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Diamonds

In mineralogydiamond (from the ancient Greek αδάμας – adámas "unbreakable") is an allotrope of carbon, where the carbon atoms are arranged in a variation of the face-centered cubic crystal structure called a diamond lattice. Diamond is less stable than graphite, but the conversion rate from diamond to graphite is negligible at ambient conditions. Diamond is renowned as a material with superlative physical qualities, most of which originate from the strong covalent bonding between its atoms. In particular, diamond has the highest hardness and thermal conductivity of any bulk material. Those properties determine the major industrial application of diamond in cutting and polishing tools.

Diamond has remarkable optical characteristics. Because of its extremely rigid lattice, it can be contaminated by very few types of impurities, such as boron and nitrogen. Combined with wide transparency, this results in the clear, colorless appearance of most natural diamonds. Small amounts of defects or impurities (about one per million of lattice atoms) color diamond blue (boron), yellow (nitrogen), brown (lattice defects), green (radiation exposure), purple, pink, orange or red. Diamond also has relatively high optical dispersion (ability to disperse light of different colors), which results in its characteristic luster. Excellent optical and mechanical properties, combined with efficient marketing, make diamond the most popular gemstone.

SHAPE

As the name suggests, shape (round, princess, radiant, etc.) describes a diamond's form, primarily as viewed from above. All diamond shapes have different attributes, but overall the beauty of the individual shapes is a matter of personal taste.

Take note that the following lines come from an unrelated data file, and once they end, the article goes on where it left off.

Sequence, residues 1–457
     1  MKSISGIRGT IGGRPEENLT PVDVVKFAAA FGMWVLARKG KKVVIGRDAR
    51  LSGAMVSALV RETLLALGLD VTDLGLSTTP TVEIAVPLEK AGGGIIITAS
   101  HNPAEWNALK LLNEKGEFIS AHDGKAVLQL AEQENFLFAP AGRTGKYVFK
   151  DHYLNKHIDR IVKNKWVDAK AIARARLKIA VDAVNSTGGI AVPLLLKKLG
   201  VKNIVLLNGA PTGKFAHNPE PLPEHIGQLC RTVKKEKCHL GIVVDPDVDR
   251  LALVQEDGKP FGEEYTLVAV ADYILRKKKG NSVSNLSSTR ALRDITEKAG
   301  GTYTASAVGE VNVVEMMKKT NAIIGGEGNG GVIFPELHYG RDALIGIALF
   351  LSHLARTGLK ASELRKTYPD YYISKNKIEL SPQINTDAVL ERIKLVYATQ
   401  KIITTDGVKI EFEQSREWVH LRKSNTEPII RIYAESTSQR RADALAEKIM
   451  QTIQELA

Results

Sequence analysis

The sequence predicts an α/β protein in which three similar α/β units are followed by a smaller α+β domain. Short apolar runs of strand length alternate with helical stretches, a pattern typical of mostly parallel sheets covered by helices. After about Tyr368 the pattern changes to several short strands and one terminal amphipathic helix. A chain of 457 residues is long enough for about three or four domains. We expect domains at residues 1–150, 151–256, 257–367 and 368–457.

CUT

The cut of a diamond determines its brilliance. Put simply, the better a diamond is cut, the more sparkle it will have.

 

 


 

COLOR

A diamond's color grade actually refers to the lack of color. In other words, diamonds that are white, containing little or no color, receive higher quality grades than those with visible color.

 

  • For the purist, look for a colorless diamond with a grade of D-F for a diamond with no discernible color.

 

  • For an excellent value in a diamond with little or no noticeable color to the unaided eye, look for a near-colorless grade of G-I

 

 


 

CLARITY

 

Almost all diamonds have tiny imperfections. Diamonds with few or no imperfections receive the highest clarity grades.

 

 


 

CARAT (WEIGHT)

This is the term with which people are most familiar, but bear in mind that carat is specifically a measure of a diamond's weight.

 

Diamond Certification

What is the difference between the AGSL and the GIA certificates?

The Gemological Institute of America (GIA) and the American Gem Society Laboratories (AGSL) are among the most respected laboratories in the diamond industry. Both laboratories are highly respected due to their consistency and their conservative grading standards. There are minor differences in the terms that each lab uses to describe the qualities of the diamonds, but a certificate from either of these laboratories ensures that you have an accurate assessment of your diamond.